This week, we dive in and discuss SEO-friendly tips that will make your WordPress site faster. And you don’t have to take my word for it. Today’s episode is based on a blog post over at Copyblogger by Loren Baker, the founder of Search Engine Journal.
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Jerod Morris: Welcome to Sites, a podcast by the teams at StudioPress and Copyblogger. In this show, we deliver time-tested insight on the four pillars of a successful WordPress website: content, design, technology, and strategy. We want to help you get a little bit closer to reaching your online goals, one episode at a time.
I’m your host Jerod Morris.
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Welcome back for another episode of Sites, and another week of adding a strategy to your toolbox that will help you create a powerful and successful WordPress website.
Last week we discussed content — specifically, the persuasive power of analogy, and I challenged you to make your best attempt at working an analogy somewhere into your website or email copy. I hope that went well.
This week, we’re going to roll design, technology, and strategy all into one by discussing some proven tips that will help you improve the speed of your WordPress website.
As an important bonus, these tips are all SEO-friendly. And that’s important.
The last thing you want to do is make an enhancement in one area of your site that has negative side effects in another area. And it makes sense — we would expect most site speed improvements to help out with SEO, because better speed leads to a better user experience, and because of the increasing importance that site speed and performance have as indicators that search engines look at.
So let’s dive in and discuss these SEO-friendly tips that will make your WordPress site faster. And you don’t have to take my word for it. Today’s episode is based on a blog post over at Copyblogger by Loren Baker, the founder of Search Engine Journal and the Vice President of Foundation Digital, an SEO & digital marketing agency. Loren was one of the early pioneers in online SEO education, and he really knows his stuff.
So make sure you earmark at least one of these tips for immediate implementation on your website. Hint, hint. Call to action.
Okay, without further ado, here is my reading of Loren Baker’s blog post 6 SEO Friendly Tips to Improve Site Speed on WordPress Blogs.
In the world of SEO, user experience on websites has always been a factor, as has the time it takes for a site to load.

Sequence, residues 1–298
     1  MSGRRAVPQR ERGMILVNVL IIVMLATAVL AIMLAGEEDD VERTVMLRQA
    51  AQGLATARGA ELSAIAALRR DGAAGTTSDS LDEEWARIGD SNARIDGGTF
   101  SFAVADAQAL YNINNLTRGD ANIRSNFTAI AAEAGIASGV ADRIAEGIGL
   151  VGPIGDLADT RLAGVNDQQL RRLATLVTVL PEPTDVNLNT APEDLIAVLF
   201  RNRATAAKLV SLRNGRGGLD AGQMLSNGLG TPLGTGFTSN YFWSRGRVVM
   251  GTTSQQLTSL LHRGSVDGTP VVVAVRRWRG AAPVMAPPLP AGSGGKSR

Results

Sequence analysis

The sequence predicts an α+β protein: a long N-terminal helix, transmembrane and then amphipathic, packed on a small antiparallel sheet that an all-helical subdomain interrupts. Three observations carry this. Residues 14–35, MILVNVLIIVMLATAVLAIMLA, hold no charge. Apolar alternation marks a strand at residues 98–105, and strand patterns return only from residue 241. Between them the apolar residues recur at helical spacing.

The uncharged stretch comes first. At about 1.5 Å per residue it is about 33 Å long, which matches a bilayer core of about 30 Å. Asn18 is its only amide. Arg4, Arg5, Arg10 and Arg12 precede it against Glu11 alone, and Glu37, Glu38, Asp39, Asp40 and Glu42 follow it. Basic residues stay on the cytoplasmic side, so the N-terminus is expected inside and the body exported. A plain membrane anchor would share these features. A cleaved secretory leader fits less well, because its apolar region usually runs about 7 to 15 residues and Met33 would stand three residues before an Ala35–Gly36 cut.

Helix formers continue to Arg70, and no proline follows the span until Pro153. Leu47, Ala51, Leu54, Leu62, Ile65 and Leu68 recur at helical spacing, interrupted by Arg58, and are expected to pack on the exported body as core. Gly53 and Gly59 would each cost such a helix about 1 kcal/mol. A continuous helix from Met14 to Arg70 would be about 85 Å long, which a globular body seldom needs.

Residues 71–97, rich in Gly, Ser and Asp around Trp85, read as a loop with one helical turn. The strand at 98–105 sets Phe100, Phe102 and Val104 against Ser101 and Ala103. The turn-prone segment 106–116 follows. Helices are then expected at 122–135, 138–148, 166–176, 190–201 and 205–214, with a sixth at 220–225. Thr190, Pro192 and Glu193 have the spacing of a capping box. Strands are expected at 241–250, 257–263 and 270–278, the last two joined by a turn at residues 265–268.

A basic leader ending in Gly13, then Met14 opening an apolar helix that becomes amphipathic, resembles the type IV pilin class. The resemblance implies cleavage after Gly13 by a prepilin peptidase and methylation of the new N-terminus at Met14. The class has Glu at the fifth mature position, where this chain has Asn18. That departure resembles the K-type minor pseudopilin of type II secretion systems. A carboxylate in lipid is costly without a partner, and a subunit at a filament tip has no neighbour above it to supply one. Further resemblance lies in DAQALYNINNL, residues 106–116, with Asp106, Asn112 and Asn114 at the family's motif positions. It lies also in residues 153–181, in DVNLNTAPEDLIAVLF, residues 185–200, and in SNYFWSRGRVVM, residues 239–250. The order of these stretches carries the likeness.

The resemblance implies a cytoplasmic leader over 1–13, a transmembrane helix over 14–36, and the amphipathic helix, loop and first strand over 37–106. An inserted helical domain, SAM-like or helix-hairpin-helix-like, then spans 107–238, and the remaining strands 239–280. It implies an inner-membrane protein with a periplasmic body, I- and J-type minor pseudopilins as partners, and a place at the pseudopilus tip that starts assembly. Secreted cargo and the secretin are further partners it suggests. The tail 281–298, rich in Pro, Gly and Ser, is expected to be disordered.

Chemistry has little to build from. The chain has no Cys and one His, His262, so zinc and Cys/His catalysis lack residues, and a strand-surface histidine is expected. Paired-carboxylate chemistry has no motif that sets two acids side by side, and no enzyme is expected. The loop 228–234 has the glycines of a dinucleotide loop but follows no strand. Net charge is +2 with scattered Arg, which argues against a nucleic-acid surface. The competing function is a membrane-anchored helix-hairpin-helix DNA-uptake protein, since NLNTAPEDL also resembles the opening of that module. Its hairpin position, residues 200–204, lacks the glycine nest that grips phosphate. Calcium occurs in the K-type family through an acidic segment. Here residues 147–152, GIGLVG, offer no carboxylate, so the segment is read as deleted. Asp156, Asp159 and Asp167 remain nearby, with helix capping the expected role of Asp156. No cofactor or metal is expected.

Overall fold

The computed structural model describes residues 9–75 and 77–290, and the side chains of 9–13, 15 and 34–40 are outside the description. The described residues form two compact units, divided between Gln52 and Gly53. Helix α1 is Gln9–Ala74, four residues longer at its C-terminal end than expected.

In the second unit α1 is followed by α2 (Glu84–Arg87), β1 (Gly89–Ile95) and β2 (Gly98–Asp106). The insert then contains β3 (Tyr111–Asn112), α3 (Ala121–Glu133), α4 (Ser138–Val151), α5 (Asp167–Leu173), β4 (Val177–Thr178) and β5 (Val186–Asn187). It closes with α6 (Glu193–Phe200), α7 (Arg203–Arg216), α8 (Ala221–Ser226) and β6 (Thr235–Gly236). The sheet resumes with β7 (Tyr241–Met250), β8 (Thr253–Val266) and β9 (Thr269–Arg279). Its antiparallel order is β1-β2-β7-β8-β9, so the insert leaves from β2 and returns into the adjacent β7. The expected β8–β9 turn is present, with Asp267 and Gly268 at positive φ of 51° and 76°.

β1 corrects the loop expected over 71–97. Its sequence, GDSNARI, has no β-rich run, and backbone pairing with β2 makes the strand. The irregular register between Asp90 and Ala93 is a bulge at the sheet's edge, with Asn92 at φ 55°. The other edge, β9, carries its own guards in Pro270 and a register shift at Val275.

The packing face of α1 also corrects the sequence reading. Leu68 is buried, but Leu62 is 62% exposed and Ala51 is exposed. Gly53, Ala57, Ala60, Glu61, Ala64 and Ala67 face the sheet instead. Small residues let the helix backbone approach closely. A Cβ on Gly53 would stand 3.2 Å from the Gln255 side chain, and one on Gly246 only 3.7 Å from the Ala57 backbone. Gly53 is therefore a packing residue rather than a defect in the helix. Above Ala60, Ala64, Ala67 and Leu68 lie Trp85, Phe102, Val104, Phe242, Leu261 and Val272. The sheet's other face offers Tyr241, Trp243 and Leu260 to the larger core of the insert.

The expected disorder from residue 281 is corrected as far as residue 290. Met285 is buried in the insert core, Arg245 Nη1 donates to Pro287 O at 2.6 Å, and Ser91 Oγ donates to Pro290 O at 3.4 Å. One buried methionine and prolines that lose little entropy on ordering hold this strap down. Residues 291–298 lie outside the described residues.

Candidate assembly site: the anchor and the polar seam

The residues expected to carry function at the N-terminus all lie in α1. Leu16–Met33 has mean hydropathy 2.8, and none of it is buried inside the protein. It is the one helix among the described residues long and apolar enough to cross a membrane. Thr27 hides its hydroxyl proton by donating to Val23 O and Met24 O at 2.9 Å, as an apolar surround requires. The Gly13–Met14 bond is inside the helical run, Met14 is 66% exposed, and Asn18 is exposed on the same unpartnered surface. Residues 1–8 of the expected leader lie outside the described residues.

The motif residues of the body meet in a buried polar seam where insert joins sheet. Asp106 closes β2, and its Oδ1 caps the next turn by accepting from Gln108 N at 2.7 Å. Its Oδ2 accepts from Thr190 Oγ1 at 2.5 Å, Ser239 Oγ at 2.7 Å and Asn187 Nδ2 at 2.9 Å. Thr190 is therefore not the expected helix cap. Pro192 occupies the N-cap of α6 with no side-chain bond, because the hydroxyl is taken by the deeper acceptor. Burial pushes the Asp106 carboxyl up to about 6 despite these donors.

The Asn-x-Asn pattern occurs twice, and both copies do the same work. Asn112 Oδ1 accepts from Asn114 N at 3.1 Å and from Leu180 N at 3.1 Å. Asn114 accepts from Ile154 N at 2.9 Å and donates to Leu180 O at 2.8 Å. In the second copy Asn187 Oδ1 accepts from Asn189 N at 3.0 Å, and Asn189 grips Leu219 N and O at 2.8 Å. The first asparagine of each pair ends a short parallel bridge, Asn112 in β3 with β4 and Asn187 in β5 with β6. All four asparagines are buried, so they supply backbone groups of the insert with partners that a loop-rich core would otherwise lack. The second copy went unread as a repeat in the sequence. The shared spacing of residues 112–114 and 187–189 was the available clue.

However, with the use of mobile devices surpassing desktop use (in most consumer-facing industries) and the wide adoption of broadband, people expect sites to load instantly.
Long gone are the days of waiting 10 seconds for a site to load.
If a page takes more than a couple of seconds to load, users will instantly hit the back button and move on to the next result.
Accordingly, Google officially started paying attention to site speed and declared its importance as a factor in rankings.
In order to keep up with Google’s site-ranking measures, WordPress blog users need to know exactly what they can do to improve their own site speed.
Remember when Google rolled out AMP (accelerated mobile pages)?
They now serve up publisher content in a simplified Google-hosted experience that renders superfast. I like AMP from a user perspective because I know that AMP content will load incredibly fast on my mobile device, but as a publisher:
I’d rather speed up my blog and attract traffic directly to my site than have users stay on Google.
If you use StudioPress Sites or the Rainmaker Platform, your site will already load quickly. However, adding ad scripts, featured images, tracking codes, 301 redirects, etc. will slow down the loading of a site and increase demand on your server/hosting company.
Here are six simple tips I recommend since we used them to dramatically speed up the Search Engine Journal (SEJ) load time — it’s at 1.8 seconds!
1. Use a content delivery network
A content delivery network (CDN) is a group of servers that deliver web pages and other content according to the location of the user, the webpage origin, and its server.
It can handle heavy traffic and speeds up the delivery of content to different users.
For WordPress blogs looking to improve site speed, Cloudflare is a great tool to consider. Cloudflare offers a free content delivery network that speeds up the performance of your site and optimizes it for efficiency on any device.
It also offers security services that help protect websites from crawlers, bots, and other attackers.
2. Compress your images
Another effective way to reduce page-load time and increase site speed is by compressing your images. A CDN will help with this, but it doesn’t take care of 100 percent of the job.
There are several different plugins available that compress all the images on your website — and even compress new images as you upload them as well.
ShortPixel is a WordPress plugin that allows you to compress both new and old images on your blog. We use it on SEJ and various other sites, and absolutely love it.
It allows you to quickly compress images in batches for greater convenience, reduces the time it takes to do backups, and ensures all your processed files are kept safe and secure. The best part about it is that your image quality stays the same, regardless of the size of the image.
Other image-compression plugins also maintain the quality of your pictures and improve site speed.
3. Prevent ad scripts and pop-ups from slowing down the user experience
Many web pages today contain some form of third-party script that either runs ads for revenue or uses pop-ups to promote conversion. You want to build your audience and get more customers of course, but balance is key here.
Although it’s difficult to completely get rid of them to improve your site speed, you can tame their performance impact while keeping them on your website to provide their intended benefits.